Sei sulla pagina 1di 2

Fernanda Pérez Pérez 09/26/17

Film Report 1
Goodbye Bafana

“Goodbye Bafana” portraits the social conditions in South Africa during 1968. This
was a period in which the apartheid was a social standard established since 1948.
With this norm, South Africans created a well-defined separation between black and
white people. Its purpose was to preserve the power within the white minority (4
million people) and make them rule over 22 million of black South Africans.

Apartheid gave minimum privileges to black people. For instance, they would need
to carry around a pass in order to travel from one place to another while whites didn’t
need one. Also, black people could not vote and marriage or sexual encounters
between black and white people was extremely forbidden. Breaking these rules
could cause immediate imprisonment. The regulations of the Apartheid rules were
managed by the Prime Minister.

In the film, white women are seen as regular housewives that live in a luxurious
fashion. They seem to wear elegant clothes and to attend social events regularly.
On the other hand, black women look very poor and seem as if they were treated as
slaves. Black people and white people avoided talking to each other, some afraid of
breaking the Apartheid rules, and some others for mere hatred towards the other
group.

After living in such unfair conditions, Nelson Mandela decided to start a movement
in favor of the equity of rights and social justice. In 1955, he adopted “The Freedom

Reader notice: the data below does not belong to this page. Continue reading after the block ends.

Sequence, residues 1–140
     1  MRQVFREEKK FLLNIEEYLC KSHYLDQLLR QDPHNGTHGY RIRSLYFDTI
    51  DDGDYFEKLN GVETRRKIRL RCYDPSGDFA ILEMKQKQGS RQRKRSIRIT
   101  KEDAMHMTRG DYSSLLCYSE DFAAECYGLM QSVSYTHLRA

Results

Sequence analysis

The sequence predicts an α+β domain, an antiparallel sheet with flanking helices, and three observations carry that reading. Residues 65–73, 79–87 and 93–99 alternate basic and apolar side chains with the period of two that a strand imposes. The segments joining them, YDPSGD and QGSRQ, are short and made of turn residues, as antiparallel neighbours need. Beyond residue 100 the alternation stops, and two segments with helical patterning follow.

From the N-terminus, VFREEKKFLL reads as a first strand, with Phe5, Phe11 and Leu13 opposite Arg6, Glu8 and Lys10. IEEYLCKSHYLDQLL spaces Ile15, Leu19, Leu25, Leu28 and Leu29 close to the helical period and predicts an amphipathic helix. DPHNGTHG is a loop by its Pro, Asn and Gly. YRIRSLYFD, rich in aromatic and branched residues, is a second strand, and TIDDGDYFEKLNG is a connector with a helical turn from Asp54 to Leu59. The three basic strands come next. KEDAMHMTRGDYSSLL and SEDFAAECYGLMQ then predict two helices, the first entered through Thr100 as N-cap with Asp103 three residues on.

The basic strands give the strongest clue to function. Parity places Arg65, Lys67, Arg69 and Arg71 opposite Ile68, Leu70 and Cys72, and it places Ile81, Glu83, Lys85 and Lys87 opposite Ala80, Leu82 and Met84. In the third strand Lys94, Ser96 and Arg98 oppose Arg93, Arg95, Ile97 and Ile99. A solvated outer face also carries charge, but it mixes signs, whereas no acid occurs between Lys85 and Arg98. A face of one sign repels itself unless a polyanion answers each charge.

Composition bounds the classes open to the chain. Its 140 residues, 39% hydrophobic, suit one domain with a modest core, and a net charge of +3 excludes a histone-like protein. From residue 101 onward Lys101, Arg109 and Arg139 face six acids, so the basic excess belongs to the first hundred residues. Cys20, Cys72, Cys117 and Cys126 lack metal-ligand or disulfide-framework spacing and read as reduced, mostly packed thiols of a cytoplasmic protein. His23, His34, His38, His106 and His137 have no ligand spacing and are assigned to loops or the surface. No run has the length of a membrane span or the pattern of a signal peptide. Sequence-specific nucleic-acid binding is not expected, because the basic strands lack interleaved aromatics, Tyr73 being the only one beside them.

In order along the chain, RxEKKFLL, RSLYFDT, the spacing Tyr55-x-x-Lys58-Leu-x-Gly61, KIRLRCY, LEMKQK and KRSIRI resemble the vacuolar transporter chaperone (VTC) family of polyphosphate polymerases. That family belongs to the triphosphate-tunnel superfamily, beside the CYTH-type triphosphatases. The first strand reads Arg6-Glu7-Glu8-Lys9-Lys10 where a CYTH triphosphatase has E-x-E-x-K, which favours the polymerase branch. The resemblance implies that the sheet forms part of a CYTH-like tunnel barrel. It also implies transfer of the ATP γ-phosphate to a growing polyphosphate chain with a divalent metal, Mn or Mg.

Charter” at a conference in Kliptown. This was a document that remained important
for Mandela due to the fact that it called for a democratic, non-racialist state with the
nationalization of the major industry. A few years later, “The Freedom Charter” would
be banned in South Africa and Mandela would be imprisoned for “high treason” and
for being associated with communists.
Fernanda Pérez Pérez 09/26/17

1968 is a year in which Mandela is still a prisoner in Robben Island. He was in a


special section –section B- for political prisoners. Inside this prison, there were
extremely strict rules, including a censorship office that was responsible of checking
the letters that prisoners sent and received. If these letters discussed the condition
of the prison, the lives of other prisoners, or political matters, they would “censor”
those parts of the letter by cutting them out.

The issue that caught my attention the most was the fact that white people were
fighting without really knowing what Mandela was asking for. He was seen as a major
communist threat that wanted to overthrow the government, even though that was
not the case. The minority was completely ignorant to the position of the other party
and simply believed what the most important figures of the government would tell
them.

To this day, even with the great progress Mandela’s party managed to achieve, I
believe that there is still some hostility between races. History has dragged with it
over 50 years of separation, which will be impossible to erase from the memories of
the victims.